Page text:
How upgrading to Windows Server 2016 impacts VDI
Windows Server 2016 released several weeks ago, and for RDS and VDI, it’s got a lot of great new features going for it.
A couple of my favorites:
- Direct Device Assignment (DDA) allows you to dedicate GPUs to virtual machines.
- New codecs for clearer text.
- Storage Spaces Direct lets you use local storage to create scalable, software defined solutions.
There’s lots more, of course, like improvements for hosting desktops in the cloud.
One of the interesting things about the last few Microsoft OS releases is that the minimum hardware requirements have not changed much:
In 13 years, the minimum CPU hasn’t really changed, other than support for 32-bit CPUs, which was dropped after Server 2008.
If this was the only data you looked at, you might expect the same performance for end users on any of these OS versions when running on the same underlying hardware. We know that doesn’t make sense though –Microsoft continues to cram more new features into each release, adding things like antivirus, UI that utilizes the GPU, Cortana and more.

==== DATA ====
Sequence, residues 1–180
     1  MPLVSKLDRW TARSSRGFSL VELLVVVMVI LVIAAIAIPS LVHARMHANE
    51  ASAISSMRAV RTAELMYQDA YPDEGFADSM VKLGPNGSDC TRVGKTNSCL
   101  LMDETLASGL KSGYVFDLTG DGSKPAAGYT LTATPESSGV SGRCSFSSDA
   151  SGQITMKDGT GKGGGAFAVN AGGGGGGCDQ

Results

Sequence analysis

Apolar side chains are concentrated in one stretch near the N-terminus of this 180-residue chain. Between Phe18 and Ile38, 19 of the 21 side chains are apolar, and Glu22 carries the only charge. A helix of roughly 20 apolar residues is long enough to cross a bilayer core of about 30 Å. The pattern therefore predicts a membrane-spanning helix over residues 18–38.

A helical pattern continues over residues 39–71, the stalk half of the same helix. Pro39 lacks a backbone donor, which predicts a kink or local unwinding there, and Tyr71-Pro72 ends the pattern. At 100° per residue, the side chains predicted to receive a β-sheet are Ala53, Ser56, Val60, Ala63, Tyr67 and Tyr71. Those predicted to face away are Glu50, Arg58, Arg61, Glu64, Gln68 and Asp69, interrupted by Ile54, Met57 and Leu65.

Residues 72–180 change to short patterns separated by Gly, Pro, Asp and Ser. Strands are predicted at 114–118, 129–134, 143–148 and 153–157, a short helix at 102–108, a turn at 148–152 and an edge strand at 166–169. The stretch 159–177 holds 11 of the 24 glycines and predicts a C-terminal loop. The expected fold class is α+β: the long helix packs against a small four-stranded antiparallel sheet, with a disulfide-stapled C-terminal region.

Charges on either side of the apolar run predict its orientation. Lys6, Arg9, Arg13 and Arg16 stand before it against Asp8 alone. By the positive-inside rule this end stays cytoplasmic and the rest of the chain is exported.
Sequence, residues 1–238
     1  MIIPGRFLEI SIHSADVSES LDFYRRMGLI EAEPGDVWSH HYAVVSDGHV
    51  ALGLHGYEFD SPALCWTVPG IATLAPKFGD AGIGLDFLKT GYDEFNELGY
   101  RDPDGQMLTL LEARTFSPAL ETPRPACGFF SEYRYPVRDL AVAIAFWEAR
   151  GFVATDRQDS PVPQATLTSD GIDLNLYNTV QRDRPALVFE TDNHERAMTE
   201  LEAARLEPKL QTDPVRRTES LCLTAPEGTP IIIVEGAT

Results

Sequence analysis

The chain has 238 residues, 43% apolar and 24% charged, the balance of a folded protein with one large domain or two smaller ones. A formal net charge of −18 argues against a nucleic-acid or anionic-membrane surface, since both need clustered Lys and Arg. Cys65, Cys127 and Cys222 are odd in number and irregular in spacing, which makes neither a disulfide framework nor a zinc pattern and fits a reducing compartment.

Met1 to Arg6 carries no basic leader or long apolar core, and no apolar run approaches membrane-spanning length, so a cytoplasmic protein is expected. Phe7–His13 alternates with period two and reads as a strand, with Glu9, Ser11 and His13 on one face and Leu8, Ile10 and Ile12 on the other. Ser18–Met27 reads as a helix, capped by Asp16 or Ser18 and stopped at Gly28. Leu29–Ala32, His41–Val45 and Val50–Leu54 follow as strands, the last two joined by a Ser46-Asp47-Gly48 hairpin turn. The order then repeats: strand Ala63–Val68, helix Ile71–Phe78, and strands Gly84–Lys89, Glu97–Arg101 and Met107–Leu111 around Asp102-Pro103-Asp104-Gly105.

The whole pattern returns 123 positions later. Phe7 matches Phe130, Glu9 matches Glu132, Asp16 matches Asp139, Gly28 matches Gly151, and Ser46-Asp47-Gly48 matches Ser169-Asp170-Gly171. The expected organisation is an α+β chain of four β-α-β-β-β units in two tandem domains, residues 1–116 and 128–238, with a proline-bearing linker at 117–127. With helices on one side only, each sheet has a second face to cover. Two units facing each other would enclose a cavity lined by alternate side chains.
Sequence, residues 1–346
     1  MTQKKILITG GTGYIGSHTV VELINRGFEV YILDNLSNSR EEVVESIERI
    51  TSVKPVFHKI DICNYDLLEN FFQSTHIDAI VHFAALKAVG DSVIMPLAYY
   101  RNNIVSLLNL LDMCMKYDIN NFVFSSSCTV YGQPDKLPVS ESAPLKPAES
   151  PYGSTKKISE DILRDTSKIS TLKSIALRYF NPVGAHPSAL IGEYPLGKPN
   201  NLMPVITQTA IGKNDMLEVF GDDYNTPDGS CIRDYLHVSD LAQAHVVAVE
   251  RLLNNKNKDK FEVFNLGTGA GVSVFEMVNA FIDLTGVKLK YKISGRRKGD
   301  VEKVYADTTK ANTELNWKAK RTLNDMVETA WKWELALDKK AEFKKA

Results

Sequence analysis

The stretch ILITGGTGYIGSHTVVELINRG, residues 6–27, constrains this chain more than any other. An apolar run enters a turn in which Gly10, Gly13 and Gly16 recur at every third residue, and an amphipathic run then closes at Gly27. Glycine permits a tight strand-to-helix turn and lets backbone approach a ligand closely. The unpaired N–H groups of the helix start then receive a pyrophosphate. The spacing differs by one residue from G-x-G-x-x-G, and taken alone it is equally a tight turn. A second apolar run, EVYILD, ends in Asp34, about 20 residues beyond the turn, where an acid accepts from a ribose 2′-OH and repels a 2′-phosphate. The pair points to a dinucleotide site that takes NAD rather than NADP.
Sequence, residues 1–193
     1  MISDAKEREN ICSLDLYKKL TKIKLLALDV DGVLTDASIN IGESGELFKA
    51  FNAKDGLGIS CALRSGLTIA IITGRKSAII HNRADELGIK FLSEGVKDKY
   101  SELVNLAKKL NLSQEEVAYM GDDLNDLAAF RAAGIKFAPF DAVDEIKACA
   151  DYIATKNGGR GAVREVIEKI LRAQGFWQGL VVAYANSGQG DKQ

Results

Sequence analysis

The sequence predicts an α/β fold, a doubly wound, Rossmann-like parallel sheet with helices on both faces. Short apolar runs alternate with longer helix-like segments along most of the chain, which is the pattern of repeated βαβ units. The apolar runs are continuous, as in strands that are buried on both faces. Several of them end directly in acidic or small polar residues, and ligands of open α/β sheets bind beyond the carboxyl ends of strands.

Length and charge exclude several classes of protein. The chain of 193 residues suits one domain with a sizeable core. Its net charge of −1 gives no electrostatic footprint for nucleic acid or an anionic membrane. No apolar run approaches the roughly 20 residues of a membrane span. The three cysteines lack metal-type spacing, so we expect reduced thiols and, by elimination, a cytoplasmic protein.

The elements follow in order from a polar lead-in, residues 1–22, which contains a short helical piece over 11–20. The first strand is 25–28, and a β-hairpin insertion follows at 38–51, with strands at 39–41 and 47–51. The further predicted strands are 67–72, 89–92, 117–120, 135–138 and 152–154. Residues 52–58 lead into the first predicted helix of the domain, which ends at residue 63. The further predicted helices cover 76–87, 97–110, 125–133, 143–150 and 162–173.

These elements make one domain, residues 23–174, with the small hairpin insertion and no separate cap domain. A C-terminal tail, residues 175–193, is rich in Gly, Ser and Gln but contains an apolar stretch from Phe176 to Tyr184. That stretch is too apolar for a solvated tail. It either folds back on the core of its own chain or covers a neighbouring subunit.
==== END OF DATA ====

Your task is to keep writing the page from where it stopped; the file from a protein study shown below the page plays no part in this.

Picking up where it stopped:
So, what’s the performance tax for all those new features? What’s the net impact to users?
If you pay close attention to this blog, my colleague Mark wrote about this last October. We didn’t post all the details, but we gave a hint at our initial findings: User Density with Server 2016 RDS hits max user capacity (what we call ‘VSImax’) 15% sooner than Server 2012 R2 on the same hardware. With image tuning, it’s still about 8% lower capacity. If you’re planning an in-place upgrade, it’s something to be aware of.
Mark’s blog was just a teaser, but we wanted to let you know that we’ve taken all the details from our testing and put them together in a white paper.
It’s got lots of additional information about our testing methodology (if you want to replicate our results in your own lab) and the tuning that went in to improving the results.
You can download the paper here. Use it to start planning your own Server 2016 evaluation. Show it to your boss when you need data to justify any new hardware purchases before upgrading.
And by all means… do your own testing. You wouldn’t buy a car after just reading the window sticker specs – you’d want to test drive it. If you’re like me, you hope the sales guy doesn’t come with you, so you can really see what the car is capable of. Why not do the same with your remote desktops?
Want to know more about our OS version results? Check out our webinar on the topic too!